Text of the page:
2. Having Partners – Okay. So I hope Norma and Melina aren’t reading this. Let me preface this by saying I LOVE my partners. It is great not being in this alone. And as partners go, they are GREAT. We pick up the slack for each other. Both Melina and Norma have bookkeeping clients. I do not. I only have tax clients. The bookkeeping clients bring in steady monthly income which means we have guaranteed income every month. So if the tax business is slow we at least know we are being paid on the bookkeeping side. All that being said it can be frustrating doing things by committee. For the  most part they are easy going. This whole “let’s quit our jobs and start a business” idea was pretty much mine and Norma’s but as far as the vision and the brand of SJC they let me run with it. But there are those times that I don’t want to consult and I don’t want to discuss. I just want to do what the hell I want to do. There are those times when, yes, I have to admit that I’m a bit of a control freak. Melina is the accountant. She is the one who controls the money. The one who questions the financial decisions. Who, see item #1, I probably need. Norma is my sounding board. She is the one I talk to all day every day. The one who I talk things through with. We figure things out. We make things happen. If I didn’t have her I’d basically be talking to myself. So why don’t I want partners?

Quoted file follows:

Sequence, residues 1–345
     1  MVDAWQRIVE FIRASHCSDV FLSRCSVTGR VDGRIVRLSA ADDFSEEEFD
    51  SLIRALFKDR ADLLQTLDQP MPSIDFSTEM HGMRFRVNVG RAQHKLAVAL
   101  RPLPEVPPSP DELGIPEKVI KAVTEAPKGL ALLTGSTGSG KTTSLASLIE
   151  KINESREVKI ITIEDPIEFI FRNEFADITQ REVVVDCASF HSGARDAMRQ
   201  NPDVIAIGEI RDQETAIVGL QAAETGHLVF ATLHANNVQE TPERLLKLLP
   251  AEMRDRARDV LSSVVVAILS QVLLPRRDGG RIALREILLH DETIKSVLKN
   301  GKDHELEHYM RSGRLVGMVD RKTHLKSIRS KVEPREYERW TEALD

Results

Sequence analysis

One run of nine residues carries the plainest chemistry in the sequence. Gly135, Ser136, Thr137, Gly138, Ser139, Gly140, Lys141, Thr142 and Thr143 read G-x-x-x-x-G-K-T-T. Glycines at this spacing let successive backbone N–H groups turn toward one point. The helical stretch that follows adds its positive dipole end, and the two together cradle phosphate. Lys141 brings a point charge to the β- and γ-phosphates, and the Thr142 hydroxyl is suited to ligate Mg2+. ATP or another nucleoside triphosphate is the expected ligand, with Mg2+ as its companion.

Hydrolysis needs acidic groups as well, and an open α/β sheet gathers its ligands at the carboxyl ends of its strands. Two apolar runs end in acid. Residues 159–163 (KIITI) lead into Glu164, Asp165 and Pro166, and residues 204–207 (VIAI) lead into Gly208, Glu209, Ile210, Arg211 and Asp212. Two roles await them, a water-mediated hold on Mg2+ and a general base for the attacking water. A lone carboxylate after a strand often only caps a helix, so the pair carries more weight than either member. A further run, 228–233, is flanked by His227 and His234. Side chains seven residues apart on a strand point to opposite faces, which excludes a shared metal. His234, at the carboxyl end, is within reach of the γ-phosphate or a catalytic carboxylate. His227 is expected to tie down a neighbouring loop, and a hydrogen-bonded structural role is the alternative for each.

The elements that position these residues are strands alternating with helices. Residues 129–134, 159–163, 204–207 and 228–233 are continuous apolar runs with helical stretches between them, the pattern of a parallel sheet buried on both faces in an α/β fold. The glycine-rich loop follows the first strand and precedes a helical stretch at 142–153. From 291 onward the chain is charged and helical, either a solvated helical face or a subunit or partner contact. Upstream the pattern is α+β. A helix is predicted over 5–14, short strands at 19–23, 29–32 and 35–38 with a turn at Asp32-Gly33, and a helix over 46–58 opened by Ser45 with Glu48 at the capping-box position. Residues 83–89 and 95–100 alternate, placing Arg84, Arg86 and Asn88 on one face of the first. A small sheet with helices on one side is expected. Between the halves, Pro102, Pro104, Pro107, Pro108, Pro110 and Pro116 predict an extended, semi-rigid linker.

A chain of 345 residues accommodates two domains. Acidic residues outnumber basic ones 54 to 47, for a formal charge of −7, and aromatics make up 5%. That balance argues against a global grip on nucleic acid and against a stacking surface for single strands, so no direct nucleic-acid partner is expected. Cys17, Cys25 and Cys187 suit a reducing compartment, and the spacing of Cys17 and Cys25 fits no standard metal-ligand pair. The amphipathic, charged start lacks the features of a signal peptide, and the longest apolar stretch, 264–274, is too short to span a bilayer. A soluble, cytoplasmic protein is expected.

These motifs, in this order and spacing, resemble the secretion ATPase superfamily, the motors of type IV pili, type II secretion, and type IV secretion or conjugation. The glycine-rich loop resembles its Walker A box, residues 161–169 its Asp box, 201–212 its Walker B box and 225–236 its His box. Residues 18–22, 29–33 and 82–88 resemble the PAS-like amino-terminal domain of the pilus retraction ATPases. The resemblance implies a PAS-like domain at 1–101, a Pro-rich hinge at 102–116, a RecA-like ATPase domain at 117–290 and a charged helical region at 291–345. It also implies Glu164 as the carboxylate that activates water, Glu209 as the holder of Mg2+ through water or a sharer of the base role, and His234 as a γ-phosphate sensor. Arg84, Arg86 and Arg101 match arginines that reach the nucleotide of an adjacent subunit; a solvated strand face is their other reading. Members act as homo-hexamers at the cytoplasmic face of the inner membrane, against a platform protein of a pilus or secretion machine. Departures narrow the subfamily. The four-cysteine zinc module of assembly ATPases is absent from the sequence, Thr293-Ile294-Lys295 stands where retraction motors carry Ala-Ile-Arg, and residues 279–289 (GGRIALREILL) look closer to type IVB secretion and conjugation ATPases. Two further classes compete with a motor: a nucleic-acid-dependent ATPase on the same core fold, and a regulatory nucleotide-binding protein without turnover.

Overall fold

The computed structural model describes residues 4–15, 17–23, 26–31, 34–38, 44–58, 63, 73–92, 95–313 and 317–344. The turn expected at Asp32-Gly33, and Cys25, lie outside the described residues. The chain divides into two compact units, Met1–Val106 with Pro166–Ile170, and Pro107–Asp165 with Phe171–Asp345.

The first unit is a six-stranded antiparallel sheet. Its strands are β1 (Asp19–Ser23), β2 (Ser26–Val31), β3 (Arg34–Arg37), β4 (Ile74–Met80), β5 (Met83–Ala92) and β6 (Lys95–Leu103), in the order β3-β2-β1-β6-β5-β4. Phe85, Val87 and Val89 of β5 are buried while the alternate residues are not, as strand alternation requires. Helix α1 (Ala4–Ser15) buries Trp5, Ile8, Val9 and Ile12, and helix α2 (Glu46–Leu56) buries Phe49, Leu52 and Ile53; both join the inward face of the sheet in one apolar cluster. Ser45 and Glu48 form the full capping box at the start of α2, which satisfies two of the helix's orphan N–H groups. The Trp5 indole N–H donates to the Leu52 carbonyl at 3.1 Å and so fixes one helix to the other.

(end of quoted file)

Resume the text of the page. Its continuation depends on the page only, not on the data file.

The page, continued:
3. Doing it Sooner – As far as the tax business goes I couldn’t have done it any sooner because I wasn’t ready. I didn’t know enough to be an effective advocate for my clients. But in terms of my other entrepreneurial aspirations, like this blog for example, I’ve been doing this for a long time. Like I said earlier, I started my first business in 1998. I started the first rendition of this blog in 2007. I’ve had multiple opportunities but I never followed through. I laugh all the time and say I’m all ideas and no execution. My humor is self deprecating but true. By biggest flaw is follow through – getting shit done. My cousin tells me all the time I’m the smartest person he knows. I tell him he needs to meet some new people. But you can be too smart. So smart that you talk yourself out of things. Out of opportunities. Out of success.

I look at these Instagram accounts and various blogs with there 10k followers and ridiculous amounts of daily hits and think “why isn’t that me?” The truth is it could have been me. But I didn’t put for the effort to get there. And in many ways I still don’t. I may be spreading myself too thin trying to do too many things. Not focusing on what it is really important to me. But the bills need to get paid. Being an entrepreneur is about a lot more than posting pictures on IG and quoting Bill Gates. It is about hard work. It is about dedication. It is about making mistakes, owning those mistakes and learning from them. It is about figuring out what works and what doesn’t. It is about doing shit you really don’t want to do corporate tax returns. So you can do what you really want to do travel. Yes, there are things that I wish I could go back and do differently but for the most part I’m really happy with this life I’ve designed and I’m excited to see where I go from here.